Sim, uma pessoa que foi assimilada pela Coisa definitivamente sabe que é uma Coisa. Isso foi abordado em alguma extensão no site de fãs Outpost 31, tanto em entrevistas com John Carpenter e Stuart Cohen (o produtor), quanto na seção de FAQ do site.
Nas entrevistas :
Q. In John W. Campbell's short story and Alan Dean Foster's novelization, there is absolutely no doubt that when somebody has been taken over by The Thing, the original person is dead and only his personality and memories are retained by the Thing in order to create a perfect imitation. This is the dialogue that confirms it in the original short story.
‘Kinner shuddered violently. "Hey. Hey, Mac, would I know if I was a monster? Would I know if the monster had already got me? Oh Lord, I may be a monster already."
"You'd know," MacReady answered.
"But we wouldn't," Norris laughed shortly, half-hysterically.’
However, in the documentary "Terror takes shape" featured on the DVD and Blu-Ray of John Carpenter's The Thing, Charles Hallahan says that the actors wondered if you would know if you were a Thing. He concluded by saying that Norris didn't know that he was infected but on a subconscious level, he was. This completely contradicts the short story and the novelization and doesn't make sense to me, as Blair would probably have realized that something was wrong when he was building a UFO for instance, which was not a very "human" thing to do.
So, my question, taken directly from Outpost31's FAQ: there is no doubt about it in the short story and in the novelization, but in the movie, does a Thing know that they are a Thing?
A. [Producer Stuart Cohen] "I listened to the DVD commentary again recently and I was surprised that Charles spoke of that. Our working presumption was that of the novella – and is really the only way to dramatically proceed. I think that Charles is referring to the sort of speculative discussion one has discussing motivation sitting around a table with other actors examining ways to play the role, but never intended to be put into effect… In any case, for our storytelling purposes I know John had all the actors play things absolutely straight, including Blair…"
A. [Director John Carpenter] "First of all, we stayed away from explaining how the Thing imitates a person. Secondly, I don't know if a person knows he's a Thing or not. I assume so, but it brings up complex, existential questions that perhaps would get in the way of a simple premise. Best not to ask."
Q. In terms of stage direction how did you have the actors playing infected characters approach their characters? Was it a case of playing it totally straight until the scene called for it otherwise i.e. the Palmer or Norris things truly believed they were Palmer and Norris or did you have the actors try to drop a hint or two that all was not well.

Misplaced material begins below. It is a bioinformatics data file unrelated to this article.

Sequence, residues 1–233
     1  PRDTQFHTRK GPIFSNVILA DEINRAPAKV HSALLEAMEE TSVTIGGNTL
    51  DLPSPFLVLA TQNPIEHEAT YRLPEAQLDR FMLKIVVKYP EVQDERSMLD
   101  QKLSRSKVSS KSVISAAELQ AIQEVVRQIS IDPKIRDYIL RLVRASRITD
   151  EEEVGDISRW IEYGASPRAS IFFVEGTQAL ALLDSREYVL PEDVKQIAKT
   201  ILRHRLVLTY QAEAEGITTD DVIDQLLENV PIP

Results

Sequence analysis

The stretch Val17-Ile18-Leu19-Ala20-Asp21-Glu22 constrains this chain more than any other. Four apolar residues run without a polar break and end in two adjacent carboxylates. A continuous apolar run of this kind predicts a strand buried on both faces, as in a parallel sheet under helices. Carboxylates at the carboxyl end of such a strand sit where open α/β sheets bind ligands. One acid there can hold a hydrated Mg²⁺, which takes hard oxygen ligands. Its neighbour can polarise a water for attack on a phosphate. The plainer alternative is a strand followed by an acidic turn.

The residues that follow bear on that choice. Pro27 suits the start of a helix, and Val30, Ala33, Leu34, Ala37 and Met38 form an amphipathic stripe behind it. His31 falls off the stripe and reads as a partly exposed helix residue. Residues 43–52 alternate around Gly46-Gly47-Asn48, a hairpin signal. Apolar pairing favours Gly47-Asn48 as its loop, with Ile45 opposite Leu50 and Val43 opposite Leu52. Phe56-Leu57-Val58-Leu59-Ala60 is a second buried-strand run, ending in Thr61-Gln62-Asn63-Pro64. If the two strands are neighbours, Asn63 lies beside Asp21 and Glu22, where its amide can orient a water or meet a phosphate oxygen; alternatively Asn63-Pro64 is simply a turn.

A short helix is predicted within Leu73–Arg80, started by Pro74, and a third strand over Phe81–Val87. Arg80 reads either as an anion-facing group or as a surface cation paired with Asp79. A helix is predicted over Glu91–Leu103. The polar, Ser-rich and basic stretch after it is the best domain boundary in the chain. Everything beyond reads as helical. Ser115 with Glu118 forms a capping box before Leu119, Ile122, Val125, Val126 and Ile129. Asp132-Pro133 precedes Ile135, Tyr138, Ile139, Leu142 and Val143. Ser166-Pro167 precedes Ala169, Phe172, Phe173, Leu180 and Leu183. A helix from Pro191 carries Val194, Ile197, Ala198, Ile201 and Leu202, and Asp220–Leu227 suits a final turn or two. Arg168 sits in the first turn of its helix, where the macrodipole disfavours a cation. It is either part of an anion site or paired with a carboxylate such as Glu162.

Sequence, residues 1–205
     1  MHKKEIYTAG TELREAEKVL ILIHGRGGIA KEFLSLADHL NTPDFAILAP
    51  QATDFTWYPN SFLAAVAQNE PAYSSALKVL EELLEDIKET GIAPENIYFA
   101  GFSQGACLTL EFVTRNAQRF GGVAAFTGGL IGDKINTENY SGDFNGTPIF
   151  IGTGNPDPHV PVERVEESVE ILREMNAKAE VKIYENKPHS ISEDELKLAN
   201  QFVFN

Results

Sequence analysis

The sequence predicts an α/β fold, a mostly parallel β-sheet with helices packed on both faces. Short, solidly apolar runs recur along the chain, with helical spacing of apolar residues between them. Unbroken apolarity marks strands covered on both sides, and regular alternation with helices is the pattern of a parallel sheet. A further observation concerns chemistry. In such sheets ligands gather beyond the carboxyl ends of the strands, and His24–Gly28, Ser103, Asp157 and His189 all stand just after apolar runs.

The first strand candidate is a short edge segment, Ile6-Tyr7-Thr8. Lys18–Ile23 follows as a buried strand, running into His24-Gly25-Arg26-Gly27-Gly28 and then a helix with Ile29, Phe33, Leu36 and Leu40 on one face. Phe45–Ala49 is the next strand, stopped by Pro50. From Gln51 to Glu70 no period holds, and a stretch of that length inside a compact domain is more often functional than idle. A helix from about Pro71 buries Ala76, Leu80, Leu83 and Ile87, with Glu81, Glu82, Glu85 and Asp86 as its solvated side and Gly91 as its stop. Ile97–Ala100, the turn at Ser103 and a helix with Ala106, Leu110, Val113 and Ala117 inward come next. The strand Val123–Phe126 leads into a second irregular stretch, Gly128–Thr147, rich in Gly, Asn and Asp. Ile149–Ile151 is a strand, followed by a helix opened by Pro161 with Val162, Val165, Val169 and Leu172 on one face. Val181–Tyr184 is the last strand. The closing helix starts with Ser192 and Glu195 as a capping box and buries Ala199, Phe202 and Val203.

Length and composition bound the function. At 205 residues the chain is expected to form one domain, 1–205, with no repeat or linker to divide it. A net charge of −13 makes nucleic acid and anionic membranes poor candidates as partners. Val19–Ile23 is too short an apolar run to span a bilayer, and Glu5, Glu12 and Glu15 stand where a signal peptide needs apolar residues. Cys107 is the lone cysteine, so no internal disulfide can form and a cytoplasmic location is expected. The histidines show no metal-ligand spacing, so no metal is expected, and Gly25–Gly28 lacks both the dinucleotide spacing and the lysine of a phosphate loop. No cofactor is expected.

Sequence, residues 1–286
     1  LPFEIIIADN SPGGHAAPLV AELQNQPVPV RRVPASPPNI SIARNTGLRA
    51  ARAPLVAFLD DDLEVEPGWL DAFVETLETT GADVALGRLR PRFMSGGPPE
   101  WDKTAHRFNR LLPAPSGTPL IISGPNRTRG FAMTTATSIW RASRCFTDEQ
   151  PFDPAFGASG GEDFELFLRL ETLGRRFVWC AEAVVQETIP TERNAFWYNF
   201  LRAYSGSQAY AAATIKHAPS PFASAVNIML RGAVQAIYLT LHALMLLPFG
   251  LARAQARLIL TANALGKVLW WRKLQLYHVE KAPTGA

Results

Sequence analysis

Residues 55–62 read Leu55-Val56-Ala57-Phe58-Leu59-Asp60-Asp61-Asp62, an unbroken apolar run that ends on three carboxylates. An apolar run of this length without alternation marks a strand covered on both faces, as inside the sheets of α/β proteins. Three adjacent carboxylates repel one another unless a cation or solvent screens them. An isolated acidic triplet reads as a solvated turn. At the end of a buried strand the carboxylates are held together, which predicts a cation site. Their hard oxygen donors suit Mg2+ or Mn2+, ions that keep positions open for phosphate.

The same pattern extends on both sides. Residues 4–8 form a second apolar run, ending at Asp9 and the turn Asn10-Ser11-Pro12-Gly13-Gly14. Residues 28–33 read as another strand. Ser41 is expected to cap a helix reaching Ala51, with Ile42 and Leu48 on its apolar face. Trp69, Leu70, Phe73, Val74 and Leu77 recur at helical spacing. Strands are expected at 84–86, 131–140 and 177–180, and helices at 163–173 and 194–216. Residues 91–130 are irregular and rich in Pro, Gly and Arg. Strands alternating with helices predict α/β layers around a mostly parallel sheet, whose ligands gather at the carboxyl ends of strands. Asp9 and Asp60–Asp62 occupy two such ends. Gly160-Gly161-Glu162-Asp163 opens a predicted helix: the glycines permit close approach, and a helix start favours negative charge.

A. [John Carpenter] The actors played their characters in THE THING absolutely straight. A THING-imitated human would express outrage at being accused perfectly convincingly...
E na FAQ :
Q: If Norris was really a Thing, then why did he decline leadership of the team?
A: It probably passes up the opportunity because it knows full well that the leader will fall under close scrutiny by the other men, scrutiny that it would not be able to hold up to. (Just look what happened to Garry and Mac.) Norris-Thing had very quietly gained a level of trust with the men and used this position to keep the attention focused on others. It worked.
It also works well as a believable excuse to the other men because, as an imitation, it knows that Norris has a weak heart and the stress might not be a good thing. "Sorry fellas, I'm not up to .
Q: Does a Thing know that they are a Thing?
A: Yes. A Thing is no longer the person that was being imitated. That person is dead, and an alien imposter is in its place. So, there is no longer awareness coming from the human that once was for it to know or not know. Therefore, if you are sitting there wondering if you are a Thing, you certainly aren't.
In the blood test scene, the men themselves appear to doubt their humanity, but they probably weren't operating at peak logical power (several days of no sleep), still didn't know 100% how the alien operated, and were unaware that a Thing had been out consciously scavenging parts and framing people (except for Mac, the victim of a framing, who seemed very confident in who he is). It was also an important dramatic device to keep the tension up in that scene.
A parte mais importante da citação diretamente acima é declarada brilhantemente:
"Se você está sentado lá se perguntando se você é uma Coisa, você certamente não é."
Nota: Vale a pena mencionar que na novela Who Goes There? por John W. Campbell, na qual The Thing de John Carpenter se baseia, e o conto The Things de Peter Watts, baseado no filme de Carpenter, é absolutamente claro que as coisas sabem que são coisas. O mesmo vale para a novelização de The Thing, de John Carpenter, escrita por Alan Dean Foster.